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Children & Divorce

Child Custody and Visitation

While divorce ends a marriage, it doesn’t end your bond with your children, or your right to raise them. As a parent and a soldier, you serve your country to keep America safe for those you love the most. There is nothing more important than spending time with your children. Our law firm is dedicated to helping military parents get the child custody and visitation they deserve.

CHILD CUSTODY CHALLENGES

Your military service duty may require you to be outside the state or even the country for extended periods of time. If your deployment involves prolonged, frequent, or unpredictable periods of separation from the children, your ex-spouse may challenge you over custody of the children.

In Washington, the legal term for full child custody is Residential Placement. Courts can be reluctant to award residential placement to parents who are active duty military if they have an unpredictable schedule. This makes it challenging for service members to win full or joint child custody.

We believe you shouldn’t be punished for choosing to dedicate your life to protecting our country. Your self-sacrificing military service is heroic and should be recognized by the court. If you want custody of your children, we’re ready to stand by your side and fight for your rights in court. We know you want what’s in the best interest of your children. Our attorneys work closely with military parents to help you get custody and visitation rights. We work with you to show the courts why you will be the best care provider for your children and how they will benefit from their time with you.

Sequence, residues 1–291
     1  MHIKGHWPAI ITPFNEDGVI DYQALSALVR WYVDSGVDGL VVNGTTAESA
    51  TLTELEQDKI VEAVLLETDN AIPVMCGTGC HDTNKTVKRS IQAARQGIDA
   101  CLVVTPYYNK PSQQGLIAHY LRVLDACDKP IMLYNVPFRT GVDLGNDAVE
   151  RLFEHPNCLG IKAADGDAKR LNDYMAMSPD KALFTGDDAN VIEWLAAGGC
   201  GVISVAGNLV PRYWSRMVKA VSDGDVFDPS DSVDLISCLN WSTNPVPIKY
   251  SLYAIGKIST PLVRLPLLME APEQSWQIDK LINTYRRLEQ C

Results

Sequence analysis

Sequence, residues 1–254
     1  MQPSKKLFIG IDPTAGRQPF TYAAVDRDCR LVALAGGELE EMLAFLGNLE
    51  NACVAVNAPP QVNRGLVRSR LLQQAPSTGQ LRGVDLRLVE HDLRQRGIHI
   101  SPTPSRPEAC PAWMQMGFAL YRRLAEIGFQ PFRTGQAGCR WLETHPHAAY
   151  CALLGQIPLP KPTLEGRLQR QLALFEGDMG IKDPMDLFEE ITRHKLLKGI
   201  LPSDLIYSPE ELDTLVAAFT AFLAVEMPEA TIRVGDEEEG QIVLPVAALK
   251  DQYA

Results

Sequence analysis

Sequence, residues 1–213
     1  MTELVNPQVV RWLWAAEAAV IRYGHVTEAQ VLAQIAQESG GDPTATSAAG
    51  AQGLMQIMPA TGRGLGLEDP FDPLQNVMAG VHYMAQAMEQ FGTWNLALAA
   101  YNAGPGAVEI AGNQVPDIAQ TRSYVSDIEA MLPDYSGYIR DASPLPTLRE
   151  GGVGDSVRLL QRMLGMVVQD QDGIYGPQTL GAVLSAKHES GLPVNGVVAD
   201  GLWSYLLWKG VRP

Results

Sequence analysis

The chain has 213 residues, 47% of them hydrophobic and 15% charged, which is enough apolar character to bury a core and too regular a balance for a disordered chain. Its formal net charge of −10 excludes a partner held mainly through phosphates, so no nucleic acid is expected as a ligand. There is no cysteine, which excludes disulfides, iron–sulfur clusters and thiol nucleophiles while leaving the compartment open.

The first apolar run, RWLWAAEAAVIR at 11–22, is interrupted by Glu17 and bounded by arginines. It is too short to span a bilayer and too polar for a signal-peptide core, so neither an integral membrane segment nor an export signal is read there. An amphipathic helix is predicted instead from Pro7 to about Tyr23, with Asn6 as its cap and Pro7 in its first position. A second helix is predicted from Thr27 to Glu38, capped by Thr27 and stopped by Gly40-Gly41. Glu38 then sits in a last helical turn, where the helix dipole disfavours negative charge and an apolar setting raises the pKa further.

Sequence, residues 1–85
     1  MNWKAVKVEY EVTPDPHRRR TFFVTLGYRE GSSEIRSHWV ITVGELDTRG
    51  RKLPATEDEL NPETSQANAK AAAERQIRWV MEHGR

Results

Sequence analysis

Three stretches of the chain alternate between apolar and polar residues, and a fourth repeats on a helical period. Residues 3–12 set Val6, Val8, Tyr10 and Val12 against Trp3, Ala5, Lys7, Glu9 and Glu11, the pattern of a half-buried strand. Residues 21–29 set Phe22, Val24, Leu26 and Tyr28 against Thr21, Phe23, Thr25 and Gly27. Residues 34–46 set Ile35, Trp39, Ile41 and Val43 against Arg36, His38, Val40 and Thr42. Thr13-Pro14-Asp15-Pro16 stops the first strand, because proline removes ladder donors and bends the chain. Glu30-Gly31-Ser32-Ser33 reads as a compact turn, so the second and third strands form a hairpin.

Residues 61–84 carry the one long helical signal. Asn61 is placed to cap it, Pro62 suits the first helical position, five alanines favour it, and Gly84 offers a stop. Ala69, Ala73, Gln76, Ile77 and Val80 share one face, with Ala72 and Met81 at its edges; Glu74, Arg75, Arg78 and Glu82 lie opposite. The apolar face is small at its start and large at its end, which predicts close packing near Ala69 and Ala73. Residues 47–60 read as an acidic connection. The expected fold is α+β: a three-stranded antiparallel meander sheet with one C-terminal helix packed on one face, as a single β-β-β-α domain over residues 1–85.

child custody

FLEXIBLE VISITATION SCHEDULES

Even if you choose not to, or are unable to have your children live with you full time, you want to be able to spend as much time with them as possible. During the divorce process, you and your attorney will negotiate a Parenting Plan which will detail a visitation schedule.

Fair visitation can be challenging for service members. If you are active-duty military, your schedule can be unpredictable. You might not be able to pick your children up from school because you don’t have a 9-to-5 schedule. That doesn’t mean you don’t deserve full visitation with your children.  If you are located somewhere other than where the kids reside, you can still pursue extended summer visitation along with other reoccurring school break periods.

As we mentioned before, temporary orders are important and set the tone for the final orders.  If you file and concede custody in the initial paperwork, you will have to argue why that should no longer be the case in the future.  We also mentioned that keeping jurisdiction is important.  If your spouse moves out of the state and you don’t file to keep the case in Washington, you will take on the task of proving why the kids should have to move back, or arguing other issues in a different court.

ASSIGNING VISITATION RIGHTS

Military parents have a unique legal right in Washington State. As a service member, you can assign your visitation rights to another person while you are deployed. Washington law only provides this right to members of the military. This means that while you’re away, your children may spend your visitation time with a person of your choosing. For example, your mother (your children’s grandmother) could spend your visitation time with the children during your deployment.